Have you ever thought about investing in real estate? I think many of us have, but it can be intimidating to get started with the large up-front costs and the uncertainties about what it takes to be a landlord. Sure, it can be intimidating, but it’s just a matter of searching for and learning the right information.
I am in the process of paying off my mortgage so that I can purchase my first real estate investment without having a seemingly huge amount of debt hanging over my head. I have known that real estate investing is for me, but the major question lately has been, “What type of real estate investment is best?” I mean, there are so many options of what you can purchase and rent out:
- Single Family Home
- Quad Plex
- Office Space
- Manufacturing Facility
Those are the major real estate investment options. Today I want to focus mainly on the living quarters: the duplex vs. the quad plex vs. the 12-plex. To compare these three options, we’ll simply take the total cost of each property divided by the yearly income to find how long it would take to recoup the total cost of the investment. The lower the number, the better the investment. This isn’t a perfect method, but it will allow us to compare all three options with a single number.
Purchase Price / Yearly Rental Cash Flow = # of Years
It’s obvious that the duplex will be the least expensive out of our three options, but is it the best investment? I looked up a duplex that is in my neck of the woods. It is located in a decent area, is basically two houses that are attached, and costs only $127,500. Each unit has 3 bedrooms and a full bath, which is quite large for a rental unit. This will no-doubt fetch a larger rental price – most likely in the neighborhood of $700 a month.
At a price of $127,500, a 30-year mortgage payment would be $677 a month (includes mortgage payment, insurance, and taxes). Your maximum income for this investment (which is obviously unrealistic because we did not factor in maintenance costs) is $723 a month.
$127,500 / ($723*12) = 14.7 years
So, with the income after expenses, it would take us 14.7 years to total the purchase price of the duplex, $127,500. Let’s take a look at the next two options to see if the payoff period is less.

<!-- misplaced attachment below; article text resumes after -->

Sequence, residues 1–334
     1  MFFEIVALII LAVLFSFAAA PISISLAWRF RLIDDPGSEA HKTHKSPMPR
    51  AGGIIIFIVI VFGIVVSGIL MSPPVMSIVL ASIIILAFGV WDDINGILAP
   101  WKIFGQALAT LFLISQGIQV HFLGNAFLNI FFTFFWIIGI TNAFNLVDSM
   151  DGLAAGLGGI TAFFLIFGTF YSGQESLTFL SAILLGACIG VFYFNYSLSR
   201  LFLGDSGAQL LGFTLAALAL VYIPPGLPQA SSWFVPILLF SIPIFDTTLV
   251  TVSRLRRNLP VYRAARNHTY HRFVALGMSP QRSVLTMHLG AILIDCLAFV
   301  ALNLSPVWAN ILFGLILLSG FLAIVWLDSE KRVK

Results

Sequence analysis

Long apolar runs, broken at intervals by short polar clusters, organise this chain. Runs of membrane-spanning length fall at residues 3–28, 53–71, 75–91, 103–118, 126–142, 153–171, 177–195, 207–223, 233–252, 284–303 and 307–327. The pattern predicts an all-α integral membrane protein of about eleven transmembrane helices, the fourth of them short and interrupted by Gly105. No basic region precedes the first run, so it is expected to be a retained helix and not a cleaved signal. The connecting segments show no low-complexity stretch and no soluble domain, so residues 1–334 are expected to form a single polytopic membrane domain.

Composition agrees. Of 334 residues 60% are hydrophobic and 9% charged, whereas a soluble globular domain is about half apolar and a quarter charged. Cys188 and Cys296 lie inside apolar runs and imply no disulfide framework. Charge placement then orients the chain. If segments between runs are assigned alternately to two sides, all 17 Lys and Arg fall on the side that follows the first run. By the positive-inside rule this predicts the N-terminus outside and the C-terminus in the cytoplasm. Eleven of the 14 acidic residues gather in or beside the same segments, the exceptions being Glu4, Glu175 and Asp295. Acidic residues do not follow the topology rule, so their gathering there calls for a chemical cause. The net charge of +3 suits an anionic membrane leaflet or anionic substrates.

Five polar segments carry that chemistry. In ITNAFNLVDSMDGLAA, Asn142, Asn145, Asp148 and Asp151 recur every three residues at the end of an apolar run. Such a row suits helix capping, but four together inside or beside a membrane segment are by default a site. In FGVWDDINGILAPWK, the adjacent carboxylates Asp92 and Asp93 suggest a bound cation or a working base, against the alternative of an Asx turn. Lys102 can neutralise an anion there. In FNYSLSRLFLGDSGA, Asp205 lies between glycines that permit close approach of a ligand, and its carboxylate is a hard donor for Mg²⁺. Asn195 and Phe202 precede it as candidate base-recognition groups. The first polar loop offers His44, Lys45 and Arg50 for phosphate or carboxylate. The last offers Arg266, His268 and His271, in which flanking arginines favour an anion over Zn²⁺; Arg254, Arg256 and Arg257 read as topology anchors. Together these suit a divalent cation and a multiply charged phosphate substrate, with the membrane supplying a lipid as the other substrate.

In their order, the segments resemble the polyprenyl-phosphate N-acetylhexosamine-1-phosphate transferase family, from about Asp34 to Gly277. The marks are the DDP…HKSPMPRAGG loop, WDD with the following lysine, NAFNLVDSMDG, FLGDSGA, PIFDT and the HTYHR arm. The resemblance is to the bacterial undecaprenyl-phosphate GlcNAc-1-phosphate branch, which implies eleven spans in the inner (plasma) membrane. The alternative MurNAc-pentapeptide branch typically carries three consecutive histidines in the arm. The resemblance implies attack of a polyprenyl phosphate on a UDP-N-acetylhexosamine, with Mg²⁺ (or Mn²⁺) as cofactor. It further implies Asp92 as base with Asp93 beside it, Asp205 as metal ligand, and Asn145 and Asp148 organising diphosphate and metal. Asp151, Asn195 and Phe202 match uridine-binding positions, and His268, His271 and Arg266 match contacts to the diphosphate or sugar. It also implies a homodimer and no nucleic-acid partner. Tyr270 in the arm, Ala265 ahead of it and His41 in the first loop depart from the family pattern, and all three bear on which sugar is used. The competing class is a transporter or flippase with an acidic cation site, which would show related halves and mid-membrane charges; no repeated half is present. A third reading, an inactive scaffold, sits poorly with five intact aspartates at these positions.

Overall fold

This quad-plex is also very close to my residence and peaked my interest a couple of months ago. The real estate investment has 4 units – each one with 2 bedrooms and 1 bath. The area is quite nice and the entire complex is listed for $199,000. This is obviously more than the duplex (as expected), but not by a ton considering we’ll be able to rent out 4 units rather than just two. The expected rent from each unit is $600, which totals $2,400 a month. According to Zillow.com, the expected mortgage payment is $1,064. This means the maximum income per month is $1,336.
$199,000 / ($1,336*12) = 12.4 years
The payoff period for this investment is 12.4 years. Not that much better than the duplex surprisingly.
This option is obviously the most expensive at $379,000, but it comes with the greatest potential reward. With 11 units able to fetch $600 a month and the final one-bedroom unit renting out at $550, your income each month is $7,150. With your 30-year mortgage, your payments come out to $1,973. The income minus the mortgage expense leaves you with a maximum income of $5,177 each month.
$379,000 / (5,177*12) = 6.1 years
Higher Risk = Greater Reward
I assumed that the best investment would house the largest amount of rental units (more units under one roof decreases the initial expense compared to the income), but I didn’t expect the difference in years to be so large! The duplex earns $2,400 a month, but costs $1,000 for the mortgage, which only leaves $1,400 in profit each month. The 12-plex, on the other hand, earns $7,200 and costs only $2,000 for the mortgage, which means there is $5,200 in potential profit! And, if you put those profits toward the mortgage, you could have a completely paid-for investment property in 6 years. You would be debt-free and bringing in $5,200 every month. Can somebody say retirement?!
While the numbers look great, the largest complex obviously comes with a greater potential expense and more work in regards to vacancies and renter demands. But, with greater risk comes greater reward. If you are able to attract quality renters that stay in your unit long-term, then you can certainly earn a large income with the 12-plex building.
While I know this is where the “big money” is, for me personally, I would start small in order the learn the complexities of real estate. Once I gained some experience and understood the risk involved, only then would I move up to the larger complexes.
What about you? Would you invest in the 12-plex over the rest?